Nonfarm payrolls increased by 916,000 for the month while the unemployment rate fell to 6%.
Economists surveyed by Dow Jones had been looking for an increase of 675,000 and an unemployment rate of 6%.
A more encompassing measure of unemployment that includes discouraged workers and those holding part-time jobs for economic reasons dropped to 10.7% from 11.1% in February.
The labor force continued to grow after losing more than 6 million Americans at one point last year. Another 347,000 workers came back, bringing the labor force participation rate to 61.5%, compared to 63.3% in February 2020.
Leisure and hospitality, a sector critical to restoring the jobs market to its former strength, showed the strongest gains for the month with 280,000 new jobs. Bars and restaurants added 176,000 while arts, entertainment and recreation contributed 64,000 to the total.
Even with the continued gains, the sector remains 3.1 million below its pre-pandemic total in February 2020.
The report comes amid a slew of other indicators pointing to stronger growth as the U.S. tries to shake off the effects of the Covid-19 pandemic. States and municipalities across the country continue to reopen after a year of operating at reduced capacity.
Business activity has returned to close to normal levels in much of the company despite the restrictions, with a tracker by Jeffries indicating that activity is at 93.5% of its pre-pandemic level.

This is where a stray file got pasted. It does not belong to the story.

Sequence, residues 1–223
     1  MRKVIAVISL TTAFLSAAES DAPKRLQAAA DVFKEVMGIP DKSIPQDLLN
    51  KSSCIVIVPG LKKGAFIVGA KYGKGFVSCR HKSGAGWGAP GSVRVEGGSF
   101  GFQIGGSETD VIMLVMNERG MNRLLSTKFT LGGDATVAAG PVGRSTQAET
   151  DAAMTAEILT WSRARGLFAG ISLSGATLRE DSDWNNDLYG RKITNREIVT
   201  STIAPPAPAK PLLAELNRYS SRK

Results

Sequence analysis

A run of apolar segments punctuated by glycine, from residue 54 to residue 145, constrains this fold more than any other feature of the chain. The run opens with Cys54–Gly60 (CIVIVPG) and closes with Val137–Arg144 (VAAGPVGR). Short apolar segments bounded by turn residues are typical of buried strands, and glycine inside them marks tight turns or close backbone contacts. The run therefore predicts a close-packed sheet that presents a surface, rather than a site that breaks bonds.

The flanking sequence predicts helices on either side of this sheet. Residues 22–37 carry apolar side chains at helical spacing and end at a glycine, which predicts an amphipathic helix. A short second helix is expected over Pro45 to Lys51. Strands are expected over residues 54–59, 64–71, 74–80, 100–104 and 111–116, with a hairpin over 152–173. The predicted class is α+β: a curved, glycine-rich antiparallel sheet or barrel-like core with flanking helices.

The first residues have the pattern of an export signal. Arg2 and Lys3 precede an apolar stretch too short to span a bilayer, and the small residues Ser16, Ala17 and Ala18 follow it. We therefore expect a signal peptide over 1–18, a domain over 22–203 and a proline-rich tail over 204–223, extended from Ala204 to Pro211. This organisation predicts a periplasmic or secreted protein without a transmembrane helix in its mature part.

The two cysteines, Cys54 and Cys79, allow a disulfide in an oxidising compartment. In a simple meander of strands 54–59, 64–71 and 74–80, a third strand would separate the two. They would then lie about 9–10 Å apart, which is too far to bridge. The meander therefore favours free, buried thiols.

Data from Homebase shows that employees working and hours worked both gained sharply over the past month, with significant improvements in both hospitality and entertainment. Those have been the hardest-hit sectors, but have improved over the past two months as governments have loosened up on some of the harshest restrictions on activity.
At the same time, manufacturing is enjoying a boom, with an Institute for Supply Management gauge of activity in the sector hitting its highest level since late 1983 in March.
The pace of gains combined with the unprecedented level of government stimulus has kindled worries about inflation, though Federal Reserve officials say any increases will be temporary.
The Fed is keeping a close eye on the jobs data, but policymakers have said repeatedly that even with the recent improvements the labor market is nowhere near a point that would push the central bank into raising interest rates.
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